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Nested SecurityLessons in Conflict Management from the League of Nations and the European Union$
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Erin K. Jenne

Print publication date: 2015

Print ISBN-13: 9780801453908

Published to Cornell Scholarship Online: August 2016

DOI: 10.7591/cornell/9780801453908.001.0001

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Great Powers and Cooperative Conflict Management

Great Powers and Cooperative Conflict Management

Chapter:
(p.178) Great Powers and Cooperative Conflict Management
Source:
Nested Security
Author(s):

Erin K. Jenne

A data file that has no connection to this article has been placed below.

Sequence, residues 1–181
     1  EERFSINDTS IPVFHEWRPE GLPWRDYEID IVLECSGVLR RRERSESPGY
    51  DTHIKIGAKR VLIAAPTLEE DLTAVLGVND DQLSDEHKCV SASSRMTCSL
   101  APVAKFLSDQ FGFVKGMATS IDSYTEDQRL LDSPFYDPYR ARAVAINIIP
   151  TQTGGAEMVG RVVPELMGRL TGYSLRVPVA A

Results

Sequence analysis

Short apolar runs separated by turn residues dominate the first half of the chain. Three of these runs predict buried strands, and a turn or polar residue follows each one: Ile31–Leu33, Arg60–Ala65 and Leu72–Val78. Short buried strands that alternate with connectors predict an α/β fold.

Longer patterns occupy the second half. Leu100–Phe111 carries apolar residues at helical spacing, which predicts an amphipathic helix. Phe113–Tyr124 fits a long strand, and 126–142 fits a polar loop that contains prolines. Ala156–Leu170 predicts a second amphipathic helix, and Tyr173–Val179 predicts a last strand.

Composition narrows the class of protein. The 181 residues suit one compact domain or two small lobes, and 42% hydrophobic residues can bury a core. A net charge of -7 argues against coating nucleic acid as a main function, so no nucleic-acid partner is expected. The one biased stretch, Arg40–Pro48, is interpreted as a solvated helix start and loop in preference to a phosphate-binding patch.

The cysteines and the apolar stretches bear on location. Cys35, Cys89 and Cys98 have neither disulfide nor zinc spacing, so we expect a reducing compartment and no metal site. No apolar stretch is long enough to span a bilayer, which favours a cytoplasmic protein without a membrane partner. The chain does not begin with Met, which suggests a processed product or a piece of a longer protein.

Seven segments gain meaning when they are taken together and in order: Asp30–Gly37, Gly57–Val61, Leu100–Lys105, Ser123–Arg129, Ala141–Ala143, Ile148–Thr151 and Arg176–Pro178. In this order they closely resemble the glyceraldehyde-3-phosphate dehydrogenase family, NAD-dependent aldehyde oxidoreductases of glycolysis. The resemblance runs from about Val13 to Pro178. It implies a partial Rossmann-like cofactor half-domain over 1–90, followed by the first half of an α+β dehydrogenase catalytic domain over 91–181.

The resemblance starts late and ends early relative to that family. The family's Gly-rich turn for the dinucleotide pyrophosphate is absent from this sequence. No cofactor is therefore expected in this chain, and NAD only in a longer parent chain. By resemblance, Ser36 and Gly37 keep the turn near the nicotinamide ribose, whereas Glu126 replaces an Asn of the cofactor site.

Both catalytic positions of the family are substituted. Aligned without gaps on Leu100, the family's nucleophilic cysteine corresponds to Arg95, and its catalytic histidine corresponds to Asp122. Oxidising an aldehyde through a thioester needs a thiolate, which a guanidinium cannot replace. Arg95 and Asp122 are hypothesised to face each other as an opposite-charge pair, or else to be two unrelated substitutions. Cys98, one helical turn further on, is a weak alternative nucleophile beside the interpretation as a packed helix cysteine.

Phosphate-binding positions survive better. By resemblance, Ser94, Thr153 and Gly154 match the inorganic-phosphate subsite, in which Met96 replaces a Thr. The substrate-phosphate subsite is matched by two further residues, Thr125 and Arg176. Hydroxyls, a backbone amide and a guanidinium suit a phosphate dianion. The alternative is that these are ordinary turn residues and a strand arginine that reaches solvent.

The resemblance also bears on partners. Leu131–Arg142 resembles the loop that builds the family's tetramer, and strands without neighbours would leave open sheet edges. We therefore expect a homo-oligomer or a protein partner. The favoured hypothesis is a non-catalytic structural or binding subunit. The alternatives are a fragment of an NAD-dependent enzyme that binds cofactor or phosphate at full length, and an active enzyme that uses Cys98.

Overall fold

Publisher:
Cornell University Press
DOI:10.7591/cornell/9780801453908.003.0008

This concluding chapter draws on the implications of this book's analysis to suggest ways for designing more effective regional security regimes both inside Europe and beyond. To establish effective regional security regimes, three features must be present. First, a decision-making body must be established that can cope with internal veto players as well as member-state aggression. Second, a regularized, independent enforcement mechanism must be created with the full backing of regional hegemons and great powers. Finally, the regime must engender cooperation between monitors and enforcers to provide effective conflict management at all stages of the conflict—from preventive diplomacy to postwar reconstruction. Securing significant investment from regional powers while protecting against exploitation remains the most difficult task for designers of regional security regimes.

Keywords:   regional security regimes, regional hegemons, conflict management, preventive diplomacy, postwar reconstruction

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